Continuing my blog coverage of the [Forrester IT Forum 2009 conference
], we start with some keynote sessions on Wednesday (Day 2).
A Forrester Analyst drew the analogy of a river to the upcoming onslaught of millennials. Some 100 years ago, smart companies positioned themselves near rivers, the water provided power as well as a means of transporting products. However, today, being positioned near a river doesn't ensure company success, and there are plenty of examples of companies that have existed a long time now filing for bankruptcy.
As we get out of this recession, the war for people will be intense. In the United States, as many as 76 million[Baby Boomers], born between 1946 and 1964, are retiring or approaching retirement, being replaced by 46 million [Gen X], born between 1965 and 1976. By 2010, there will be as many as 31 million [Millenials], born between 1977 and 1998, in the workforce.
To drive the point home, the Forrester analyst cited [Whirlpool] as an example, a company more than 100 years old, with 73,000 employees across 170 countries. Whirlpool manufactures kitchen, laundry and other home appliances. From 1997 to 2002, however, Whirlpool's per-ticket sales were dropping at a rate of 3.4 percent per year. To reverse this trend, they established the Whirlpool Young Professional program, assigned I-mentors, and invested in Web 2.0 collaboration tools. They realized that they needed to harness the Gen X and Millenial energy. The result?From 2002 to 2006, they had a compete turn-around, with per-ticket sales growing 5.9 percent per year.
Since I covered IBM's keynote session yesterday, I thought it would only be fair to cover HP's today.IBM and HP are the top two IT vendors in the world, and not surprisingly also the top two IT storage vendors, and are both platinum sponsors for this event.
- Phil McKinney, VP and CTO of Hewlett-Packard (HP) Personal Systems Group
Phil presented "Enabling Innovation: A Strength In Any Economy", which covered HP's approach to innovationnot just within HP itself, but also to help their customers. He presented an interesting progression forIT. In the first, IT is very technology-centric, focusing on standardizing platforms and automating tasks.In the second, IT is more process-oriented, standardizing and automating business processes measured for reliable IT outcomes. In the third, IT is business-aligned, standardizing and automating services, measured on business results. He argued that the challenge was for companies to transform their IT through this progression to improve business impact.
To help customers, HP focuses on four aspects of an Innovation Management Framework:
- Strategy, Measurement and Metrics
- Systems, Collaboration tools and knowledge management
- Culture, Education and Training
- Ecosystem, business partnerships and customer innovation
He wrapped up his talk reminding us that ideas without execution are just hobbies.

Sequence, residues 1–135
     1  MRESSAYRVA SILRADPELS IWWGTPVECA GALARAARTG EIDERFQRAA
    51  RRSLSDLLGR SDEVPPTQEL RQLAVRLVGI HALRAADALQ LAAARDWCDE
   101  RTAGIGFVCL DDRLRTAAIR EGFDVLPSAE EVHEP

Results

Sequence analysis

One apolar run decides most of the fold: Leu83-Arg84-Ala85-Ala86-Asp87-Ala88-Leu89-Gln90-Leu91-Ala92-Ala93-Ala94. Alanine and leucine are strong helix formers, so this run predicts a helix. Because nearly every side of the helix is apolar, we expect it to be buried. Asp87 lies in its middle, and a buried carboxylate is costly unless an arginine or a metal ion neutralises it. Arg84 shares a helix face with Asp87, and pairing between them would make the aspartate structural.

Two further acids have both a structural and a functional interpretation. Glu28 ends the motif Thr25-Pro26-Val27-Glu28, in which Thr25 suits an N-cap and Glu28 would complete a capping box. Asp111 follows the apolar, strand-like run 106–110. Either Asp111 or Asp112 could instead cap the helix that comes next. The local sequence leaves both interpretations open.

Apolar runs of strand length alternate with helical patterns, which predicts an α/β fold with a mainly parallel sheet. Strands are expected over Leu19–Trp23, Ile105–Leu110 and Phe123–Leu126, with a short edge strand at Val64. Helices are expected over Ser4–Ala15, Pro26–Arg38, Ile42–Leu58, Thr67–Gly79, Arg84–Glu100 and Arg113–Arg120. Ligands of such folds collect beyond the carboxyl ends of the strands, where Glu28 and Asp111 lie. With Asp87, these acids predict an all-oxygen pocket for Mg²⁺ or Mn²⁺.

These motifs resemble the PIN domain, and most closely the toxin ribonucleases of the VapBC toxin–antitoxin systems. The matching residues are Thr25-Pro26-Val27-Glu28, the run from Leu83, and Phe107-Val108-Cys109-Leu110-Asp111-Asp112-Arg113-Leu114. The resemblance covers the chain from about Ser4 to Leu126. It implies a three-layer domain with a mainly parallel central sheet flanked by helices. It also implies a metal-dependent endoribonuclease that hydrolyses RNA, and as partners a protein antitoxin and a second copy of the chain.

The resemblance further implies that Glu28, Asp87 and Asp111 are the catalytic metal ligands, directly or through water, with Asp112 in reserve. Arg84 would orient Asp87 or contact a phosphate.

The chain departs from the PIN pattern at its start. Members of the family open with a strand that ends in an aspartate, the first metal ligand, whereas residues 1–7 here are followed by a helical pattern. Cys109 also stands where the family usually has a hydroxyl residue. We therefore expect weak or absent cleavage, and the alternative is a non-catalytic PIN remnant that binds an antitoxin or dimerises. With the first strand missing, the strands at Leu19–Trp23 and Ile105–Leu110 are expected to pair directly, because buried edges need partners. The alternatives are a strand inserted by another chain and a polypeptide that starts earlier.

- Tom Peck, Senior VP and CIO, Levi Strauss & Co
Levi Strauss & Co. manufactures denim pants and other clothing apparel, and has been doing so for more than 150 years. Tom made a point to actually wear denim jeans and a sports coat on stage for his talk.His presentation "Dealing with Disruption" was not about disruptive technologies, but rather the disruption the economic downturn has impact the retail industry. To survive through this recession, IT leaders needto be bold about their hiring, reorganizing and rethinking of IT because disruption is everywhere.
IT is not a cost center at Levi Strauss, and represents only 3.5 percent of their total expenses. Instead, they have educated their stakeholders that IT is an investment for competitive advantage. They have focused on simplifying, which is important because their line of pants has grown incredibly complex. When you factor in the different fabrics, colors, styles, sizes, fit and finish, you end up with a large numberof different pants. This complexity came from an effort to provide exactly what every customer thought they needed. He cited a great quote:
“If I had asked people what they wanted, they would have said faster horses.”
--- Henry Ford
This same complexity occurs in IT. To address the changes needed, Tom combined "Lean IT" principles with "Six Sigma" methodologies. Lean IT helped identify problems with the overall flow of processes and provided the tools to remove steps that did not add value. Six Sigma was applied to the remaining steps that did add value, to improve capability and effectiveness.
Companies that have been around for awhile, like IBM, Whirlpool and Levi Strauss & Co., have learned to adapt to the changing business and IT landscape, and adopt new ideas for new ways of doing things.
technorati tags: IBM, FITF09, Forrester, Forrester Research, FORR, IT Forum, Gen X, Millenials, Whirlpool, HP, Hewlett-Packard, Phil McKinney, Levi Strauss, Tom Peck, Henry Ford, Lean IT, Six Sigma